I have wondered recently how different things might have been, had I not had my colleague, Kent Durr, as a role model, mentor and resource in my EARLY DAYS IN PARLIAMENT. I studied most people closely but Kent even more so. He was a model for keeping his dignity when opposed or unfairly accused, and was always mindful to show respect for the person or office of the person, even while articulately dismantling their arguments. Kent, with his years of experience and vast knowledge, must have felt, at times, like he had landed in some alternate universe. Parliament, which consists of two houses—the National Council of Provinces (NCOP) and the National Assembly (NA), was like his home ground, but being part of the ACDP caucus, in many ways, must have been very unfamiliar territory to him. I, for example, would describe myself as a crude charismatic with a brave but over-rated sense of relevance. Despite all my Bible reading, prayer and spiritual warfare strategies, I had a shallow knowledge of current and past affairs of state and country and lacked the commensurate respect for those that did.
In the shadow of this giant, Kent Durr, I began to question what aspects of humility I had failed to grasp and embraced dealing with my ignorance.
When I had a speech to make, I would draw from the little knowledge I’d gleaned from committee briefings, hearings and oversight visits and then ask Kent what he understood about the topic. As he would debate the issue with himself and explain why he would say what he said or question what he questioned, I would take notes and compare them with any research I had done.
Consequently, my speeches were always listened to and would include a lot of wisdom and insight while respectfully challenging views from all sides of the House! Kent was a great teacher. He impressed on me that we did not need to know everything but we had a responsibility to talk to those who knew more than we did—to talk to stakeholders, to those implementing and those experiencing the effects of such implementation.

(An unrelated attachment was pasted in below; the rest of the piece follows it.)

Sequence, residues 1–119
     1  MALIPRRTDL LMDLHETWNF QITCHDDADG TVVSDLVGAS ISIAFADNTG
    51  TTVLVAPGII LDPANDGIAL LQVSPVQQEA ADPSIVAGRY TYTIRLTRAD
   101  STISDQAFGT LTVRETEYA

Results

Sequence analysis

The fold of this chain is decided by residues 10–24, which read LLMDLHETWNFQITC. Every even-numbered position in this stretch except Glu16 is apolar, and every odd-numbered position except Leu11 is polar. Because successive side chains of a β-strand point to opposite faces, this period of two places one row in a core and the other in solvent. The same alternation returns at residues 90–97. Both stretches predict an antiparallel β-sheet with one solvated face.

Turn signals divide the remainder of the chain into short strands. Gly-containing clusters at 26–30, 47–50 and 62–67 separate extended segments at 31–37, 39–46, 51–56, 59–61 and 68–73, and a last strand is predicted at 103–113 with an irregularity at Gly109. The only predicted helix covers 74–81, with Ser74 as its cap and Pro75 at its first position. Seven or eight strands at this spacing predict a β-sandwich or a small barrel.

I will always be grateful for this man who lived what he taught. During his years as an MP, Kent gained the respect of his fellow parliamentarians for his work in fostering reconciliation and cooperation among all parties as well as his general contribution as one of the most experienced representatives in Parliament. He had been a Minister of Trade, Industry and Tourism in the De Klerk Cabinet and was nominated in 1991 to be an Ambassador to the Court of St James. When Nelson Mandela took over the presidency in 1994, Kent became South Africa’s first High Commissioner to the Court of St James since the country’s departure from the Commonwealth in 1961.
I remember the day I resolved to SERIOUSLY LIGHTEN UP (something I highly recommend) was the day Kent walked into caucus saying, “aren’t we just so conceited? Look at me, acting as if all of Parliament will fall apart if I stop for a moment.” I could see myself in what he was saying, and chuckled—point taken. I think the chuckle was actually a stress release mechanism, a life saver, in fact, and is probably why Jacob Zuma’s infamous chuckle in later years never had quite the negative effect on me that it did on others but like our ex President Zuma, my chuckle became a habit that was not always appropriate. Whenever I felt under attack or saw myself or others taking ourselves too seriously, it was there. Often when I was speaking at meetings or in debates (and even on radio) on topics that were being exaggerated, twisted, or unnecessarily politicised, or when people were being just downright rude and insulting, I would find myself laughing inappropriately, as if at my own private joke. I’m still working on that chuckle and have noticed many speakers have the same annoying habit. Which brings to mind the wisdom I gained from the Serenity Prayer, “God, grant me the serenity to accept the things I cannot change, courage to change the things I can, and wisdom to know the difference”.
And now I will leave you with one of my most favorite pieces of advice both to live by and to share- “keep your passion but remember firstly, you could be wrong, and secondly, that there are many hills to die on—make sure you stay alive long enough to get to the hill you are meant to die on”.